The Indian visa has been one of my greatest causes of stress on a trip otherwise largely free of stress.
Well, I have big plans for India. I want to study yoga, perhaps learn Hindi, visit some amazing friends, and walk in the footsteps of Gandhi.
If I didn’t get the visa, from Nepal I’d have to fly somewhere. Tibet (China) is to the north, which I can’t enter, and India is to the south. My options were Pakistan, which I need a visa for and the embassy here says on its website it doesn’t give visas to non-Nepali residents/citizens, Iran, which takes a long time to issue visas (plus I’m American..), Dubai, or Malaysia (Air Asia flies the route and is the only low-cost airline route available from here). In any case, no option would have been cheap!
My first attempt at obtaining the visa came in Laos. I filled out the paperwork online, printed it, and went to the embassy.
The clerks insisted that I needed to show how I would enter India, though it wasn’t listed as one of the requirements I saw. Still, they said they needed to see my plane ticket. I planned to cross the border by bus from a neighboring country, so I had no plane ticket.
Finally, the counselor official came to speak with me and he told me that I could apply and pay the fee, but he was completely sure I’d get rejected for the visa. He advised me to apply for the visa from the country just before entering India. At the time I assumed this would be Bangladesh. In the end, it was Nepal.
A Couple Obstacles
I’m glad it worked out this way in Laos. Had they processed my original application, a couple things may have worked against me.
First, they ask for your religion. I wrote the Church of the Flying Spaghetti Monster.
Something tells me that they neither recognize nor acknowledge us pastafarians…
The other issue has no solution and was something I couldn’t hide. My dad is originally from Pakistan. He moved to the U.S. in 1974 when he was 24 and has lived in the U.S. ever since, but to India anything/everything related to Pakistan is suspect and cause for concern. In some ways this is a valid concern, but in others it’s just absurd security paranoia.
On the form it asked for my dad’s name, his nationality, and any previous nationality he had. Similarly, there were questions asking if I had family in Pakistan, if my father or grandfather ever lived there, etc.
At the embassy in Nepal I met two Americans who were born in the U.S. to Pakistani fathers. Both have had visas denied by India in the past despite having American passports. So it’s an obstacle that can’t be fixed.
Applying in Nepal
I went to the Indian Embassy my first morning in Nepal. The embassy has actually outsourced visa applications to a visa processing service located right next to the embassy.
The first step in obtaining the visa is to submit a “Telex” form that gets sent to India. It just has your basic information like name, passport information, etc. I had to wait about four hours to submit this form – a glimpse into South Asian bureaucracy and efficiency.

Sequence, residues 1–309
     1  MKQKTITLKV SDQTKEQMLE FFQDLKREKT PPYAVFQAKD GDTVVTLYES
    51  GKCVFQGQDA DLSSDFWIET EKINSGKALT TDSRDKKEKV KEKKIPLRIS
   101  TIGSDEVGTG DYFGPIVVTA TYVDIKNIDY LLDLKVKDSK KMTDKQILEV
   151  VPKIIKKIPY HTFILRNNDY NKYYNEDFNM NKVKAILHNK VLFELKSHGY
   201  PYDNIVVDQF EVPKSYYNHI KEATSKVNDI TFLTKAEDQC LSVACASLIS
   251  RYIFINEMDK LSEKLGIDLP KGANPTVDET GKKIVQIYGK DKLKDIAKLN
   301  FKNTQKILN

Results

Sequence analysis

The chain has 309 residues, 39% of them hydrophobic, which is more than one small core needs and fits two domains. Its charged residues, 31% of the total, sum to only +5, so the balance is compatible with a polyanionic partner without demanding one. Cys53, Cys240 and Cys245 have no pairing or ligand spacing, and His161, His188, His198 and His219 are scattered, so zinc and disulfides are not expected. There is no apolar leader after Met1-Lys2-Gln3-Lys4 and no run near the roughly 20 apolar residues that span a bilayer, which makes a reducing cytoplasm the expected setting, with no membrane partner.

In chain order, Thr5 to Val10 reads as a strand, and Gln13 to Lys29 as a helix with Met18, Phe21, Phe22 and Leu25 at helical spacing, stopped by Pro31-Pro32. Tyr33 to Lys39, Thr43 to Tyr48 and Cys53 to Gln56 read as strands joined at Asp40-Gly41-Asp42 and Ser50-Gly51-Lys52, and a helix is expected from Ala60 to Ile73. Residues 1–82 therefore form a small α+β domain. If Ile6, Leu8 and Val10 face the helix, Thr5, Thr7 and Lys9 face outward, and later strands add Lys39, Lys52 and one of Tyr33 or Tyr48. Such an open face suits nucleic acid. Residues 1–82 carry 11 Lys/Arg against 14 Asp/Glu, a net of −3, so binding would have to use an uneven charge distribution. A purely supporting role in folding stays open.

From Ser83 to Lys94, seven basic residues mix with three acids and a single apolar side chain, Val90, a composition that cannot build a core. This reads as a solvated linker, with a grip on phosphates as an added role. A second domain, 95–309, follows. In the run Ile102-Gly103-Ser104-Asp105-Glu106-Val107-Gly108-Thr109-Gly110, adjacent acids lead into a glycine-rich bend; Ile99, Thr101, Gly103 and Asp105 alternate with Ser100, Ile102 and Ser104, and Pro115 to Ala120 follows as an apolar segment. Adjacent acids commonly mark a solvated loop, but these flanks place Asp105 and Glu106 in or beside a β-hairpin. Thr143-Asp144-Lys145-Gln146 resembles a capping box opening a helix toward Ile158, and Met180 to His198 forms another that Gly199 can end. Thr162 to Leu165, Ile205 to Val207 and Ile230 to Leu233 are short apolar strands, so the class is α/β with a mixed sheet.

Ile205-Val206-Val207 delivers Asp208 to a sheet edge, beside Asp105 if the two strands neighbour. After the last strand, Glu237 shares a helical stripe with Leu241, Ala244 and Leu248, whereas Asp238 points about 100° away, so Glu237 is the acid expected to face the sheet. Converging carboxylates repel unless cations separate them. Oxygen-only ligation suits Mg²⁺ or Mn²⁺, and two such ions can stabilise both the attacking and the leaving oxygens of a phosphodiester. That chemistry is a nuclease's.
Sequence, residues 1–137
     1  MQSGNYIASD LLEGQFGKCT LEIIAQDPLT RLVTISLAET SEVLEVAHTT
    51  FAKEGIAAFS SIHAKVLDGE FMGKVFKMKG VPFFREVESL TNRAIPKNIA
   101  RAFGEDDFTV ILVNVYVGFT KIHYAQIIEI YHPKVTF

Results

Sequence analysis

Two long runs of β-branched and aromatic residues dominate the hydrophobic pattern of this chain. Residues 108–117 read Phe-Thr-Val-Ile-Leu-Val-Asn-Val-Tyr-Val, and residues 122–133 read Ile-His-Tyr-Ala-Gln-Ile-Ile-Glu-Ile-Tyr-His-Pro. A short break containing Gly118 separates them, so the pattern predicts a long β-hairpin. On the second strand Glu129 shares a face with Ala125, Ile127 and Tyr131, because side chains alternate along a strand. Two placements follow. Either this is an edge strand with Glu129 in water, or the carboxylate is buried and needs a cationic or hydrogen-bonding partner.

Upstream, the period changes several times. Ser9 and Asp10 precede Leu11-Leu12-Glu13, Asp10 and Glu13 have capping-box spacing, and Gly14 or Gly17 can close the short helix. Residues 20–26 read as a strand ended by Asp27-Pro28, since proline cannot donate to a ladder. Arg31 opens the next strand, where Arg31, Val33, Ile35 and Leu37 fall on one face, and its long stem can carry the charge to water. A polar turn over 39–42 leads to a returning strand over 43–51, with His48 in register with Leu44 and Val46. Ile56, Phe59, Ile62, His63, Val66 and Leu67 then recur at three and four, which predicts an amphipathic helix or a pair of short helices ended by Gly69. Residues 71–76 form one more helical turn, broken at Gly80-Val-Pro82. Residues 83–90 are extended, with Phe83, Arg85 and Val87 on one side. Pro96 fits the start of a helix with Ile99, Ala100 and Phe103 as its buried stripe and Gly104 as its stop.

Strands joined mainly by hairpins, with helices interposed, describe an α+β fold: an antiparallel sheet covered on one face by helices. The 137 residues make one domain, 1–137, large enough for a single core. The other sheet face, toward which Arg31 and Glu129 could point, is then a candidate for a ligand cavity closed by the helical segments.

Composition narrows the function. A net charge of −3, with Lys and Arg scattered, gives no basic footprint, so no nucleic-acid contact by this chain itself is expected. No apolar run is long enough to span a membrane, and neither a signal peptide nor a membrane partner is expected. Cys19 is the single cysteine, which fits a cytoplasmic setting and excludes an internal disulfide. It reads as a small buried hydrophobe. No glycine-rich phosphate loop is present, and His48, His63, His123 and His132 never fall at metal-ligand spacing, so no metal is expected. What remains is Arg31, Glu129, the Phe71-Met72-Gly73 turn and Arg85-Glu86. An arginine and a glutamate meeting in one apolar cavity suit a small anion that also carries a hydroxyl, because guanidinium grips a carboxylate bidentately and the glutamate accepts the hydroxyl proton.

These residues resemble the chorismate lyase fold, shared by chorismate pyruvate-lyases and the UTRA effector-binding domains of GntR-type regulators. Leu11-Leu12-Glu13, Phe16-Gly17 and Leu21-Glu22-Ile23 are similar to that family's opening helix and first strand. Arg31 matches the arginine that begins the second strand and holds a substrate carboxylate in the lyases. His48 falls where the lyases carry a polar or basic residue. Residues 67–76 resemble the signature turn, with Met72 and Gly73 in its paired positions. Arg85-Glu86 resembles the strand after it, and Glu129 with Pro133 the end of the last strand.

While waiting I spoke to the two aforementioned Americans with Pakistan-born fathers. They recommended I just apply for a six month visa instead of the ten-year multiple entry visa Americans can get. In the end, it didn’t matter as the embassy here can only issue six-month visas (so they say, but I’ve since learned that in general, the path of least resistance is rarely deviated from in South Asia).
I paid the 300 Rupee/$3.50 fee for the Telex submission, which despite the wait only took about 3 minutes to complete, and then waited until I could pick up my visa. The wait was longer than usual due to the Dashain holidays in Nepal. It should only take three business days, but I had to wait eight days to return.
I returned eight days later with my passport, the very simple application form (which didn’t ask about your parents’ roots, nor connections to Pakistan), and the 5500 Rupees/$64 for the visa.
Again, I had to wait about three hours. When I approached the window, the guy looked me up in the computer and said my first and middle name. Good sign.. then he looked at me and said “six month double entry, ok?” I asked why not multiple as I had requested and he said the visa would have to be endorsed and it was a pain. Or something like that. Refer to path of least resistance comment above.
Anyway, looks like I got the visa! I paid the fee, submitted the form, and had to wait until 5pm to collect my passport.
I returned at 5pm to collect my passport. We all just sat there until 5:30pm. Then, with everyone crowded in front of the window, they started handing out the passports.
There was a sign there saying to inspect your visa to ensure your name is spelled correctly, your passport number is correct, etc.
Of course, the visa said “single” instead of the double I was told that morning or the multiple I had originally requested.
So, I went to the other window, not the one where passports were being handed out but the one where I think the guy was watching a So You Think You Can Dance episode on Youtube. After a minute, he gave me his attention and I told him what happened.
Luckily, he said they would fix it right now. I saw a guy with a briefcase come, take my passport along with a Chinese guy’s passport (his name was spelled wrong), and go to the embassy to fix the problems.
I worried that they’d insert a new visa into my passport, taking up more valuable real estate (and expensive real estate given how much passport renewal fees have climbed). But no, even better. They fixed it with a black pen and didn’t even sign some kind of annotation or something (not sure why, but stamps are really important here and without them I think things aren’t perceived as official).